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Invitation to World Literature

My Name Is Red My Name is Red – Connections

In the Images of World Literature slideshow, you saw images related to My Name Is Red. Here you can find resources connected to the text and its world.


Orhan Pamuk’s works have been analyzed and reviewed in many scholarly and popular publications. A list of his works, as well as selected reviews and links to interviews can be found on his English-language site.

Azade Seyhan’s Tales of Crossed Destinies: The Modern Turkish Novel in a Comparative Context (World Literatures Reimagined) (2008) has commentary on Pamuk and other novelists.

My Name Is Red draws on both classical Middle Eastern Literature as well as contemporary writers for its inspiration. Here are some of those works:

Hakīm Abu’l-Qāsim Firdausi’s The Shahnameh: The Persian Book of Kings (2009), has been translated by Dick Davis, who also reviewed My Name Is Red for the Times Literary Supplement (TLS).

Nizami’s The Story of Layla & Majnun (1996) is available in a translation by Colin Turner, from 1996, Omega Publications.

Read English translations of essays and fiction excerpts by young Turkish writers at

An Anthology of Turkish Literature (2006) by K. Silay is a text used in Turkish Literature in Translation courses.

Lords of the Horizons: A History of the Ottoman Empire, (2000) by Jason Goodwin, a British travel writer, takes an anecdotal and novelistic approach to Ottoman history.

The Ottoman Empire: The Classical Age 1300-1600 (2001) by Halil Inalcik, a Turkish historian, is a scholarly work that covers the centuries framing the period of the novel.

Many novels and novelists in the traditions of World Literature have been mentioned in connection with Pamuk. Particularly interesting connections to My Name Is Red can be found in Fyodor Dostoevsky’s Crime and Punishment, William Faulkner’s As I Lay Dying (whose multiple narrators Pamuk has himself mentioned as a precedent in interviews), Umberto Eco’s medieval murder mystery, The Name of the Rose, Italo Calvino’s Invisible Cities (a collection of miniature city portraits, framed in an East-West encounter between Marco Polo and Kublai Khan) and the Ficciones of Jorge Luis Borges.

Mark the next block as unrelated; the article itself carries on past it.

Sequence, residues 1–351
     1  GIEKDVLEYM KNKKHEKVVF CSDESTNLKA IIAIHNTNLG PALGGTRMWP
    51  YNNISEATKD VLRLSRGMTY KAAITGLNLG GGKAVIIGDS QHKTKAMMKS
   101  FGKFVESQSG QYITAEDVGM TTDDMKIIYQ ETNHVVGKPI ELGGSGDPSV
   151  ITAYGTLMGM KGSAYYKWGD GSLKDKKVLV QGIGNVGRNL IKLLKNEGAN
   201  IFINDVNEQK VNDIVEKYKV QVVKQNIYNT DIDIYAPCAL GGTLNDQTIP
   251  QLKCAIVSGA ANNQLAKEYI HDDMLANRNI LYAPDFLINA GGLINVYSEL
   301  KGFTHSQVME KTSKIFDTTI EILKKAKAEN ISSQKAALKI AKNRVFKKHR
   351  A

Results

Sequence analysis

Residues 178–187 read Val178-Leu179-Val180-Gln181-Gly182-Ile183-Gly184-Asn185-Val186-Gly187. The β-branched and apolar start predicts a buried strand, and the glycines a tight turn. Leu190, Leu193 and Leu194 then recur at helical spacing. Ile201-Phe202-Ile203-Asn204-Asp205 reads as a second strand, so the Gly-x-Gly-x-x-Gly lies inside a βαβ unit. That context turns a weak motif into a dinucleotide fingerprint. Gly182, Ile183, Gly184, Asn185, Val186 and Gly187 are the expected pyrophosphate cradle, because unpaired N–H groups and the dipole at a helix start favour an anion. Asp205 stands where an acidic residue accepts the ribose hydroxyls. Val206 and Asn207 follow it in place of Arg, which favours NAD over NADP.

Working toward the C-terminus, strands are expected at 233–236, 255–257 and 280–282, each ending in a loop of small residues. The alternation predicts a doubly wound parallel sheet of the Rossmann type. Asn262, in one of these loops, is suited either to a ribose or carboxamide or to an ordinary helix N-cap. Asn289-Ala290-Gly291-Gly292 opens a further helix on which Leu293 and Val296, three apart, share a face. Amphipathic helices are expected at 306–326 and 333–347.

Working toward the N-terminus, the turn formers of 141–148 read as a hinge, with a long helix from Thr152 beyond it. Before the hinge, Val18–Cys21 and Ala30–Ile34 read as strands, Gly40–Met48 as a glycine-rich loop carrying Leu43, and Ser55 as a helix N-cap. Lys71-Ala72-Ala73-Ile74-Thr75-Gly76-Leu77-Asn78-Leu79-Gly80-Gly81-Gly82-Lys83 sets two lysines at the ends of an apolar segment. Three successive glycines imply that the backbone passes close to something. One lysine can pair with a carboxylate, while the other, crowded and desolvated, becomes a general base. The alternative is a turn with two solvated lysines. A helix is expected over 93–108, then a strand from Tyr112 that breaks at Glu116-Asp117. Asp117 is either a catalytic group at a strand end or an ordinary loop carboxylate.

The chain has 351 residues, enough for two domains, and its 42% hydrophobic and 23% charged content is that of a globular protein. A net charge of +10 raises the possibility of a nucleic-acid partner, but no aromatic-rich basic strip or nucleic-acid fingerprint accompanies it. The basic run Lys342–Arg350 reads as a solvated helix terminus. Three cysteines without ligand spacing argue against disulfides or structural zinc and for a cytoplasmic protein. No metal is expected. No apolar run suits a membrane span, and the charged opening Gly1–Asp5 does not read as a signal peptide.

The Smithsonian’s museums of East Asian Art, the Freer and Sackler Galleries have online exhibits of their important Islamic Art Collections.

A special feature on the Freer and Sackler site called Haft Awrang (Seven Thrones) allows you to browse an illustrated Persian manuscript page by page, including a section that tells the story of Layla and Majnun.

Iran Review has an article on Persian Miniatures with ancient and modern examples.

The Los Angeles County Museum of Art has extensive holdings in Islamic Art, including over one hundred pages from manuscripts from the era of My Name Is Red.

An academic article from analyzes a single page of a Mughal album, with attention to how single lines of the image of a horse are drawn.


Orhan Pamuk has given talks and lectures around the world, including the 2009-2010 Norton Lectures at Harvard University, a series he entitled “The Naïve and the Sentimental Novelist.” These lectures are forthcoming in early 2011; videotapes of them are available at the Lamont Poetry Room at Harvard University. More information can be found at|library/m/aleph|012171683

Read “My Father’s Suitcase,” Pamuk’s Nobel lecture, delivered on December 7, 2006.

and the site also includes other information and addresses by the author.

A Web site on Ottoman history and culture in association with a faculty member at Bogazici University.

A comprehensive list of links on Turkey from the University of Michigan.

Cultural and historical information from the Iran Chamber Society.

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Invitation to World Literature


Produced by the WGBH Educational Foundation with Seftel Productions. 2010.
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  • ISBN: 1-57680-892-0